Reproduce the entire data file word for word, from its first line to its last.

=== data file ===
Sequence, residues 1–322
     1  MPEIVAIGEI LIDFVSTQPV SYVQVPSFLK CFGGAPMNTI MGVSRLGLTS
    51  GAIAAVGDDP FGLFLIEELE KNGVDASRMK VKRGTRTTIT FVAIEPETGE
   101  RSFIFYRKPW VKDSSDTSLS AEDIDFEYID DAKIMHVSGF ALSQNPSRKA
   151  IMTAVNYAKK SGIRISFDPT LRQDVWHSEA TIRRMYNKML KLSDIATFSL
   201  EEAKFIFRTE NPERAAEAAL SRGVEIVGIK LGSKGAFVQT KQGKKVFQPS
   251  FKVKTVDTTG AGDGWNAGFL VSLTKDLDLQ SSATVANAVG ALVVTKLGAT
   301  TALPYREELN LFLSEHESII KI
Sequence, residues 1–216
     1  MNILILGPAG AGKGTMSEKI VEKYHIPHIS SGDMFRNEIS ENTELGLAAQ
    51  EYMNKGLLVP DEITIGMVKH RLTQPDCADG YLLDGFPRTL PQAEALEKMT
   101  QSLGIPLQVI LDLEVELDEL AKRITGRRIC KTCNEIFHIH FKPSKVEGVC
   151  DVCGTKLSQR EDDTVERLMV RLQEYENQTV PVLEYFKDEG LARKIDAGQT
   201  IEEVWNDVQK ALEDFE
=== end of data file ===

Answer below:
Sequence, residues 1–322
     1  MPEIVAIGEI LIDFVSTQPV SYVQVPSFLK CFGGAPMNTI MGVSRLGLTS
    51  GAIAAVGDDP FGLFLIEELE KNGVDASRMK VKRGTRTTIT FVAIEPETGE
   101  RSFIFYRKPW VKDSSDTSLS AEDIDFEYID DAKIMHVSGF ALSQNPSRKA
   151  IMTAVNYAKK SGIRISFDPT LRQDVWHSEA TIRRMYNKML KLSDIATFSL
   201  EEAKFIFRTE NPERAAEAAL SRGVEIVGIK LGSKGAFVQT KQGKKVFQPS
   251  FKVKTVDTTG AGDGWNAGFL VSLTKDLDLQ SSATVANAVG ALVVTKLGAT
   301  TALPYREELN LFLSEHESII KI
Sequence, residues 1–216
     1  MNILILGPAG AGKGTMSEKI VEKYHIPHIS SGDMFRNEIS ENTELGLAAQ
    51  EYMNKGLLVP DEITIGMVKH RLTQPDCADG YLLDGFPRTL PQAEALEKMT
   101  QSLGIPLQVI LDLEVELDEL AKRITGRRIC KTCNEIFHIH FKPSKVEGVC
   151  DVCGTKLSQR EDDTVERLMV RLQEYENQTV PVLEYFKDEG LARKIDAGQT
   201  IEEVWNDVQK ALEDFE